The United States Wednesday pressed Zimbabwe's electoral commission to release results of country's presidential election without further delay. The State Department said presidential returns reflecting the will of the Zimbabwean people are critically important. VOA's David Gollust reports from the State Department.
Officials here say parliamentary results already released show that Zimbabwe is at a "moment of change," and that there is no reason to further delay presidential returns that could end the suspense over the country's political future.
At a news briefing, State Department Spokesman Sean McCormack noted official results already pointing to a takeover of Zimbabwe's parliament by the opposition Movement for Democratic Change, and cited claims by supporters of MDC presidential candidate Morgan Tsvangerai that he won an outright majority in last Saturday's presidential vote.
McCormack said the electoral commission owes the Zimbabwean people an official accounting of presidential ballots to enable them to understand how the country's political future will unfold.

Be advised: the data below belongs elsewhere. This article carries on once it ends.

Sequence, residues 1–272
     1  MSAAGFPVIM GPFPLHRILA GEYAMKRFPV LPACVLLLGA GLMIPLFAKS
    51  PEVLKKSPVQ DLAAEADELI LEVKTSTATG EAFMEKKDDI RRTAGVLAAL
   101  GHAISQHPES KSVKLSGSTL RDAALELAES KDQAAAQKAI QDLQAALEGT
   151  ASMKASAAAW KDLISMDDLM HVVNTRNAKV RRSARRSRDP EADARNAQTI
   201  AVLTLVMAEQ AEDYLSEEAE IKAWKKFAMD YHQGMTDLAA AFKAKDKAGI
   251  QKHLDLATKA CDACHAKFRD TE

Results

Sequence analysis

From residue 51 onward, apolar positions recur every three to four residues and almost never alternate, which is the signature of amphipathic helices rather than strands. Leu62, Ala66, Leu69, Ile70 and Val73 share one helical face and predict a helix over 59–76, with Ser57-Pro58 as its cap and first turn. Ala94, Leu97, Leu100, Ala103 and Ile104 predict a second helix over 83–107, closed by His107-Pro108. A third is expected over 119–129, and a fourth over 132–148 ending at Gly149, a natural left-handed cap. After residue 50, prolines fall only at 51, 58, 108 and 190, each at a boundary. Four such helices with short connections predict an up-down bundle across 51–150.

"It is critically important for Zimbabwe, for Zimbabwe's institutions, for the international community, that this election and the results of this election, reflect the will of the people," he said. "And you're not going to be able to start to answer a lot of those questions until you have this one piece of the puzzle that's outstanding, and that is the results from the election commission. With those in hand, for the international community and for the Zimbabwean people, you can start to understand how the rest of this political process is going to unfold."
A White House spokesman traveling with President Bush in Europe had similar remarks, saying the United States is monitoring the situation and expects the will of the Zimbabwean people to be respected.
A senior official who spoke to reporters here said the United States has discussed the Zimbabwe electoral situation with Zimbabwe's neighbors, among others.
But he would not confirm press reports the Bush administration has sought South African help in persuading Zimbabwe's President Robert Mugabe to accept the results of the voting.
U.S. officials have confirmed diplomatic contacts with officials of both Mr. Mugabe's ZANU-PF party and the MDC but say the United States is not involved in any mediation effort.